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Basic late Victorian clothing

Posted: Thu Feb 17, 2011 4:16 pm
by Tod
I just need a basic reference as I'm portraying a late Victorian shoemaker later this year and have to get some clothing.

Re: Basic late Victorian clothing

Posted: Thu Feb 17, 2011 4:19 pm
by Miss Costello
Good pair of high backed trousers, collarless shirt. Really easy to get/make both. Leather soled boots or shoes. If you're a beginner, you can easily make a pair of Simplicitys high backed trousers, the pattern is so easy and in a piece of dark wook look good.
Sing out if you need links.

Re: Basic late Victorian clothing

Posted: Thu Feb 17, 2011 4:20 pm
by sally
http://www.art.co.uk/products/p40482927 ... osters.htm from a quick rummage round sounds like basic working class suit possibly with you working in yoru shirtsleeves might do the trick

Re: Basic late Victorian clothing

Posted: Thu Feb 17, 2011 4:38 pm
by Phil the Grips

Re: Basic late Victorian clothing

Posted: Thu Feb 17, 2011 7:06 pm
by Eve
Steve has stuff you could borrow, Tod. Give him a ring.

Eve

Re: Basic late Victorian clothing

Posted: Fri Feb 18, 2011 12:23 pm
by Tod
Miss Costello wrote:Good pair of high backed trousers, collarless shirt. Really easy to get/make both. Leather soled boots or shoes. If you're a beginner, you can easily make a pair of Simplicitys high backed trousers, the pattern is so easy and in a piece of dark wook look good.
Sing out if you need links.
Links would be good.
Eve, no doubt I'll speak to Steve ;-) But me being me I like to have my own stuff.

Re: Basic late Victorian clothing

Posted: Fri Feb 18, 2011 1:03 pm
by Miss Costello
http://www.habithat.co.uk/product_info. ... ts_id/8559 (not used this myself, but the trousers look ok.)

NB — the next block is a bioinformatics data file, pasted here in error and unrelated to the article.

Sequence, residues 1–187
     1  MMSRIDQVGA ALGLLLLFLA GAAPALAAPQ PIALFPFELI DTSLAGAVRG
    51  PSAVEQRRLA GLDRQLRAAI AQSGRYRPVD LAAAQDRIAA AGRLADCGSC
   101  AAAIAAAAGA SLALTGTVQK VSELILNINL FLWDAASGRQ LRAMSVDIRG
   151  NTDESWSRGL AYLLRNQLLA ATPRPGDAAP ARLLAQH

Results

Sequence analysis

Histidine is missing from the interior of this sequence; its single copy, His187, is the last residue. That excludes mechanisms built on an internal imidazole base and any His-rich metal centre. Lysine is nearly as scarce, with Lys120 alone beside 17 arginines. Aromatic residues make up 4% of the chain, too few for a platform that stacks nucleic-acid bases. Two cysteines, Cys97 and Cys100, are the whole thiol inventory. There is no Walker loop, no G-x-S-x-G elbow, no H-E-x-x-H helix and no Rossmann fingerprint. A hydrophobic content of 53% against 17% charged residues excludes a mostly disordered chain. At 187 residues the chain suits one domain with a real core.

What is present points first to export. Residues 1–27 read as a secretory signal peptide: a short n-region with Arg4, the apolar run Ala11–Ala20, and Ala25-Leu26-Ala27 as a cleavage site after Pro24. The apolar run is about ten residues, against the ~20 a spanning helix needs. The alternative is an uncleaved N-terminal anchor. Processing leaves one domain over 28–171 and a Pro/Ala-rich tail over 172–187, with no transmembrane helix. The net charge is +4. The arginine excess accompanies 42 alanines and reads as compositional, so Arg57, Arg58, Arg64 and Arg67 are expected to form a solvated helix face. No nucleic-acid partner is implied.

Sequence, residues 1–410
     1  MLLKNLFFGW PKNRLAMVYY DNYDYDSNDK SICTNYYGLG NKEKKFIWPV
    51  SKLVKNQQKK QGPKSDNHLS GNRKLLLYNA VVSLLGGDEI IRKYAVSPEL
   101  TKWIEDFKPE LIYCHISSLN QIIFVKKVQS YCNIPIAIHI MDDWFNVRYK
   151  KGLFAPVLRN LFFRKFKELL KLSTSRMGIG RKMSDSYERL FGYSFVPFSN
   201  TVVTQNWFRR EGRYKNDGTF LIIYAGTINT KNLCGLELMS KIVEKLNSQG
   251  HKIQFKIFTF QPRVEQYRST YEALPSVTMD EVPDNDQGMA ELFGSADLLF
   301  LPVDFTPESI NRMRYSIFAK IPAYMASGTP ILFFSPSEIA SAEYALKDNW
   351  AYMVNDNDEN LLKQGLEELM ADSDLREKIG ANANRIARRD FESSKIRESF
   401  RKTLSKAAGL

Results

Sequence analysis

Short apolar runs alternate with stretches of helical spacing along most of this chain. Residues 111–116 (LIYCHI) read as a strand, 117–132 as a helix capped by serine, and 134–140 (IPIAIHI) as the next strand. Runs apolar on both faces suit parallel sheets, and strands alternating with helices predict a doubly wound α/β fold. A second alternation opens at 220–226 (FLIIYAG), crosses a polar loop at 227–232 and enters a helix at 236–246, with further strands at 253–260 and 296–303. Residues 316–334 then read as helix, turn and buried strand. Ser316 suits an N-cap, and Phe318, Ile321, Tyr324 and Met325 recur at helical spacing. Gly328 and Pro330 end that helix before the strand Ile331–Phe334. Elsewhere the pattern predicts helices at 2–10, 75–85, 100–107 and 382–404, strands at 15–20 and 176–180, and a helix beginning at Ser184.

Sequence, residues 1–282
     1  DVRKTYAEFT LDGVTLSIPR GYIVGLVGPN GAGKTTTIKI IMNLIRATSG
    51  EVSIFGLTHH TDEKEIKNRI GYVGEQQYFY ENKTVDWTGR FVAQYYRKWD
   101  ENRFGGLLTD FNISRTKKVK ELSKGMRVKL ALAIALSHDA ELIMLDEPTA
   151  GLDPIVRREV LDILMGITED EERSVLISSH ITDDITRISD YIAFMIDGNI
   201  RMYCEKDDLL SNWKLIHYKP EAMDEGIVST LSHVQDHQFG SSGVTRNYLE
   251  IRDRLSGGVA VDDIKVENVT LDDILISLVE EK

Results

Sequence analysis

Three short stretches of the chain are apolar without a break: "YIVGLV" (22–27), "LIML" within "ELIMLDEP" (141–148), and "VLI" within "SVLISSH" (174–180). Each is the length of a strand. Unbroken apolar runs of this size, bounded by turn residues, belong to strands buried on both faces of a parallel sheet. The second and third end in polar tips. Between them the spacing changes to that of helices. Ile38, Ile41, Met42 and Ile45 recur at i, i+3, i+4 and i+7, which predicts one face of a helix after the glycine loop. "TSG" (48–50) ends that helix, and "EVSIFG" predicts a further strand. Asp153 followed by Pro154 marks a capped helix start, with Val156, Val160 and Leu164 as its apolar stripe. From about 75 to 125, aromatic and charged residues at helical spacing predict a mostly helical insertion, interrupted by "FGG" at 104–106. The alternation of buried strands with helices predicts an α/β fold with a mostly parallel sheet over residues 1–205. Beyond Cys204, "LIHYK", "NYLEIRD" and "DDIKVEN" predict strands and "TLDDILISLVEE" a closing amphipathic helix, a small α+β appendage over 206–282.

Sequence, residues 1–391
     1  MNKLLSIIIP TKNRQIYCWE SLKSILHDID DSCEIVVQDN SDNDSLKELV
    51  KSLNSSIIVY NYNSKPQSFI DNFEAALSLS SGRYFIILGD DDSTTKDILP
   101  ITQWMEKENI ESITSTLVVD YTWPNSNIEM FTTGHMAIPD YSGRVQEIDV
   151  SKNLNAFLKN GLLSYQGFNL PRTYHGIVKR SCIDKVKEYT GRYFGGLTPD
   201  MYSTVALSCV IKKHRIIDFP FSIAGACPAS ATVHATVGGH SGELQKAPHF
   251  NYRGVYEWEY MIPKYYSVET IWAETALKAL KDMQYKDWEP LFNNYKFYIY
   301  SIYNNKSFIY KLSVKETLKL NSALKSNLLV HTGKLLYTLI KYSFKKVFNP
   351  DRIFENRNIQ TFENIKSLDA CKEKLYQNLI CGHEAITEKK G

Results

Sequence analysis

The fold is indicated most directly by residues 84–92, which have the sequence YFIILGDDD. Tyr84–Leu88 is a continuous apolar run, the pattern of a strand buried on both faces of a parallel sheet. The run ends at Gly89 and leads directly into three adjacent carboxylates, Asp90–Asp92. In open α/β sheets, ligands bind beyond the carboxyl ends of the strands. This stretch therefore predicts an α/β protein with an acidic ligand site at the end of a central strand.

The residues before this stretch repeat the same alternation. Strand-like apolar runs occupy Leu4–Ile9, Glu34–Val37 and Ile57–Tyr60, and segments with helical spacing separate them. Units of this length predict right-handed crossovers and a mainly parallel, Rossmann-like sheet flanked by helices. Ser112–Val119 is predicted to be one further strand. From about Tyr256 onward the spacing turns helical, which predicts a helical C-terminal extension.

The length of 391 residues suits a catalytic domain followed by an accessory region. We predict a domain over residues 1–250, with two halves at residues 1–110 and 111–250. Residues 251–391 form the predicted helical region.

Looks like Simplicity hasve deleted that pattern, but there are some excellent ones on Nehelania!

http://www.neheleniapatterns.com/englis ... hsite.html

Re: Basic late Victorian clothing

Posted: Fri Feb 18, 2011 2:06 pm
by Eve
Tod - I now know why you and Steve are such good friends - alike is so many ways!

Re: Basic late Victorian clothing

Posted: Fri Feb 18, 2011 4:26 pm
by Grymm
Hit the ACW sutlers for trousers, shirts and waistcoats a jacket may be more tricky. Hats, well, you could wear a paper hat a la the carpenter from Alice, found several refs to them being worn by tradesmen generaly, not just printers or carpenters.

Image

Re: Basic late Victorian clothing

Posted: Mon Feb 21, 2011 8:56 pm
by Andy R
Tod wrote:I just need a basic reference as I'm portraying a late Victorian shoemaker later this year and have to get some clothing.
Before or after you have been drafted? :thumbup:

Re: Basic late Victorian clothing

Posted: Mon Feb 28, 2011 5:44 pm
by Lefty

Re: Basic late Victorian clothing

Posted: Wed Mar 23, 2011 1:01 pm
by nick19thind
West Point Sutlers used to do some excellent quality clothing (the first hat i bought from them has lasted almost 5 years) and still sell reasonably-priced authentic boots. Another good sutler is 19th century Sutlery, formerly known as the Sutlers' Stores

West Point:
http://www.westpointsutlers.org/
19th Century Sutlery:
http://www.sutlers.co.uk/

Re: Basic late Victorian clothing

Posted: Wed Mar 23, 2011 1:11 pm
by Nigel